Govern from the top

Is governance a good thing? Not particularly. It’s one of those words that sounds impressive but is no more so than management or strategy. All three need to be effective if they are to have any value and it is not always the case. During my career I have been involved in both the private and public sector, and although one should not generalise there can be a tendency, particularly in 'non-commercial' organisations such as local authorities, colleges and academies, to prima facie satisfy the policy/procedural aspects such as Declaration of Interest Forms, Code of Ethics, Remuneration Committees, Whistleblowing Policies, etc without actually embedding a culture of effective governance. In fact it is establishing the culture not simply compliance which is the important part.

In the last century (well we’re all getting older) I was a director and group company secretary of a listed company and solely responsible for all aspects of compliance and governance.  I put all of the required policies, procedures and forms in place and the directors willingly signed up to them but they were focused on the business. The acid test for anything that might be remotely dodgy was to ask 'will the company secretary let us do it' - if not it was accepted that it must be dropped. I am sure that in those days, before governance and compliance took on a life of their own, many other company secretaries were in a similar position. I would argue that in my company there was effective governance - the directors acted transparently, fairly and responsibly and managers were encouraged to take decisions without being afraid of making mistakes. In short, compliance in substance rather than form.

Alan Theakston FCIS is a Director of ICSA Software and IBAL and a Trustee of the Chartered Secretaries Charitable Trust. Alan began his company secretarial career at Ropner PLC, and subsequently took a range of governance roles in the corporate and education sectors. Alan has served ICSA in many ways, including as UK and International President and by participating in the Education, Public Practice and Oversight Committees.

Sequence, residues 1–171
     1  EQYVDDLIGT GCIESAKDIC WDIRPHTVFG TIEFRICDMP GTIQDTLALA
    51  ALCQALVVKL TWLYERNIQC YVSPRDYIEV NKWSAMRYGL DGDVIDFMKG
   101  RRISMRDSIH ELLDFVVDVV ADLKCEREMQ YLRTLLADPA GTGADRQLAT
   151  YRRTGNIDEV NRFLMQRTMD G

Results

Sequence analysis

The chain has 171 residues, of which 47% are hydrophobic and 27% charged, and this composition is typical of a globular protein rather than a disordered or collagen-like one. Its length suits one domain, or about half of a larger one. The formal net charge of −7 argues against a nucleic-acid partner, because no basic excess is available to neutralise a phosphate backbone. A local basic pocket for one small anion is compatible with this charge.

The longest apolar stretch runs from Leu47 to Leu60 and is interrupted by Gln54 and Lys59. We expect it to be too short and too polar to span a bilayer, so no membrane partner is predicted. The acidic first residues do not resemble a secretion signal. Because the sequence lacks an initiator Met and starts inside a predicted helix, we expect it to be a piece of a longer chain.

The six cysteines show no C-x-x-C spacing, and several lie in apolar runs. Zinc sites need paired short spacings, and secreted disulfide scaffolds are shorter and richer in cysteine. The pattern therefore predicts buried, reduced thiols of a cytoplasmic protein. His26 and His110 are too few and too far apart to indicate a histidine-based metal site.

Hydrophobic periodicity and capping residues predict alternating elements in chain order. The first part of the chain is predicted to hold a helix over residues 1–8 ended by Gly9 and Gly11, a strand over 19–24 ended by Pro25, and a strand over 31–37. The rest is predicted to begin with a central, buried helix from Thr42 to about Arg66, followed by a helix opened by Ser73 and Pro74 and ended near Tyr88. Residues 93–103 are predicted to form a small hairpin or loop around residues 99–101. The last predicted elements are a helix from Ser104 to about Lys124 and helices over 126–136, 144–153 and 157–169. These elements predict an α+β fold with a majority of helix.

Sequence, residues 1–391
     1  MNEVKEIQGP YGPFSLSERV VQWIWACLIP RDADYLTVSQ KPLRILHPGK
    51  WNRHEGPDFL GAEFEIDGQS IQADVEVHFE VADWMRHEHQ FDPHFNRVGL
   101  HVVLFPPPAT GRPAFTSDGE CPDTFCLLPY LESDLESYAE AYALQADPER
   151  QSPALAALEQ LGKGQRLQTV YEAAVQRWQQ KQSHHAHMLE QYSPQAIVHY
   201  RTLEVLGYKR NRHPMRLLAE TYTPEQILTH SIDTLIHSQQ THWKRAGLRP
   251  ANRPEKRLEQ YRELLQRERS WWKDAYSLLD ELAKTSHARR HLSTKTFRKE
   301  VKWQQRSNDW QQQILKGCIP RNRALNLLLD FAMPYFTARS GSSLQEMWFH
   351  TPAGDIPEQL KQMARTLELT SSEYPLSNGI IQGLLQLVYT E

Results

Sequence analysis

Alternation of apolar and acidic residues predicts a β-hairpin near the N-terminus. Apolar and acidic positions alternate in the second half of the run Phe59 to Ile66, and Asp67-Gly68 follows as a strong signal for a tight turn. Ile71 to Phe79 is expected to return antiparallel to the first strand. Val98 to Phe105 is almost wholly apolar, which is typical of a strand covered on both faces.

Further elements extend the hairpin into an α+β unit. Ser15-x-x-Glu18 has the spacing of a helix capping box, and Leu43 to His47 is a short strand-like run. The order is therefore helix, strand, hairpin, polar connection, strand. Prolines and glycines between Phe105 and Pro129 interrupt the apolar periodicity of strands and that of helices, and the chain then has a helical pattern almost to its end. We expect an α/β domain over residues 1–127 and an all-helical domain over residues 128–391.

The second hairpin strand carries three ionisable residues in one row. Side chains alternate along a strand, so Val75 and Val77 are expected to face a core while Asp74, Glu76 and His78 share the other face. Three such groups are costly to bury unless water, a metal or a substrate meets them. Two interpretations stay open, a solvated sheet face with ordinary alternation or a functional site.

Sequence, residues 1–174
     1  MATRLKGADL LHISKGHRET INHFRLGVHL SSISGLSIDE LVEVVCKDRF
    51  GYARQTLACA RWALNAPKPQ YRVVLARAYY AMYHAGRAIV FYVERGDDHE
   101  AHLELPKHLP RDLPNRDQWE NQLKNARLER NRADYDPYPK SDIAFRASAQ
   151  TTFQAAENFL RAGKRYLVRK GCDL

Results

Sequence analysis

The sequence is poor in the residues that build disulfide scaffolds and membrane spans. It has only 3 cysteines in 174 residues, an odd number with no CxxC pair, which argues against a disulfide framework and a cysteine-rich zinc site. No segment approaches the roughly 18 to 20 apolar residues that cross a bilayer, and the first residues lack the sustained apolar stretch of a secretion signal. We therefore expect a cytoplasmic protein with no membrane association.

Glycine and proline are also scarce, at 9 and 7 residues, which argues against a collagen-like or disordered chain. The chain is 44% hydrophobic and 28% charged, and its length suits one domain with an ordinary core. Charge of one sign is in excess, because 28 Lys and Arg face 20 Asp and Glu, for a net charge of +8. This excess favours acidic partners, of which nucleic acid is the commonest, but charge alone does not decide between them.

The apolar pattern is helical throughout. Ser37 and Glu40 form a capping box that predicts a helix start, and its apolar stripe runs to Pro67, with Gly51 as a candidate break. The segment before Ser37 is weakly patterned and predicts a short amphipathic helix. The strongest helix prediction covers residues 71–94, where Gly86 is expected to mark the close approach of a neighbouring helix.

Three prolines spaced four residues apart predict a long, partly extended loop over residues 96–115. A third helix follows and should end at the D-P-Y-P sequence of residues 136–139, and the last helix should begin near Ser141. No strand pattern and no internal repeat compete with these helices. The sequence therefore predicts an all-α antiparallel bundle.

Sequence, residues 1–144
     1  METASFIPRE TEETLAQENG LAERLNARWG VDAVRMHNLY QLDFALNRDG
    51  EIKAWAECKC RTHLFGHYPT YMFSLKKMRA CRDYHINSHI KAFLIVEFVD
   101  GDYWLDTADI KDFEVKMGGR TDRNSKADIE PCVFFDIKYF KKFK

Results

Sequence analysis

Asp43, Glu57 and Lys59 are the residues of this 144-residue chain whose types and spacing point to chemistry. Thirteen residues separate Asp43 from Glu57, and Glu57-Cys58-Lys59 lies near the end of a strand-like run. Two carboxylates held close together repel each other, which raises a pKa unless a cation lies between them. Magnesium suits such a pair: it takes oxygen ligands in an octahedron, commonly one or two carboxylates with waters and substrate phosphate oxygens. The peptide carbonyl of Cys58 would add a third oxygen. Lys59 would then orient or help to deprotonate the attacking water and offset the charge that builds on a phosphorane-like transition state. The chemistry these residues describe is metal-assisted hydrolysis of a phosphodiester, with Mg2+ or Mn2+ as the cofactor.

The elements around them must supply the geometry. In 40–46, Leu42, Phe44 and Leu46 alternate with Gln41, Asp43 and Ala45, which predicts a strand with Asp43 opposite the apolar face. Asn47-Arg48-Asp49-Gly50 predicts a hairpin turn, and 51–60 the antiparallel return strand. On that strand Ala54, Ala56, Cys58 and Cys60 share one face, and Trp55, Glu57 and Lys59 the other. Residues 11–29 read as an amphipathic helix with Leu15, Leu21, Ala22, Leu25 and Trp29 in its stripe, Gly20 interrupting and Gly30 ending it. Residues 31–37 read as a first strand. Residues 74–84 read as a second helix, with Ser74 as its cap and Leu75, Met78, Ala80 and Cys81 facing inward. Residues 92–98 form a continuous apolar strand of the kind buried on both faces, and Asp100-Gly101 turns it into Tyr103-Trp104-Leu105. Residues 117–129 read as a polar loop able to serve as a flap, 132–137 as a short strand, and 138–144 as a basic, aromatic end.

The second period of my career has been mainly in the public sector. Here the role is often reversed with emphasis on being able to give evidence of compliance with regulations and guidance rather than embedding a change of culture. It is also easy to get the impression that, despite the remuneration, selection and numerous other committees and working parties, there is not the accountability that there is in the PLCs. This can result in poor governance. The relatively new academy sector is a prime example where, as evidenced by several high profile cases, the governing bodies have been found wanting.

If I were to give advice to someone coming into the company secretarial profession I would emphasise that not everyone can be a leader but everyone can make a difference. Don't leave ideas and suggestions to others.  I would also recommend that they take seriously the aphorism “the fish rots from the head” when they achieve leadership status.  Good governance can only thrive if it is established from the top. A capable, energetic, honest and decisive leader who builds an enthusiastic, motivated team of people who are not afraid to challenge will create a culture of true effective governance.

I would also underline the importance of keeping accurate and detailed records. Very few of us actually enjoy writing minutes and it is more than likely that, once signed, they will never be read again but it is when things go wrong and they are needed for evidence that they can assume great importance.

My final piece of advice would be, of course, get involved with ICSA. Being a company secretary or equivalent can be a lonely role, particularly if you live in the sticks like me. Meeting fellow professionals online or in person at events, training sessions or even group meetings can be helpful in so many ways. Also, if you have the time to spare, being Branch Chair or joining a committee is a really useful way of widening your skill set. I never thought forty years ago when I was struggling with the economics module (17 exams in those days) that ICSA would play such an important part of my life but it has been worth every minute.

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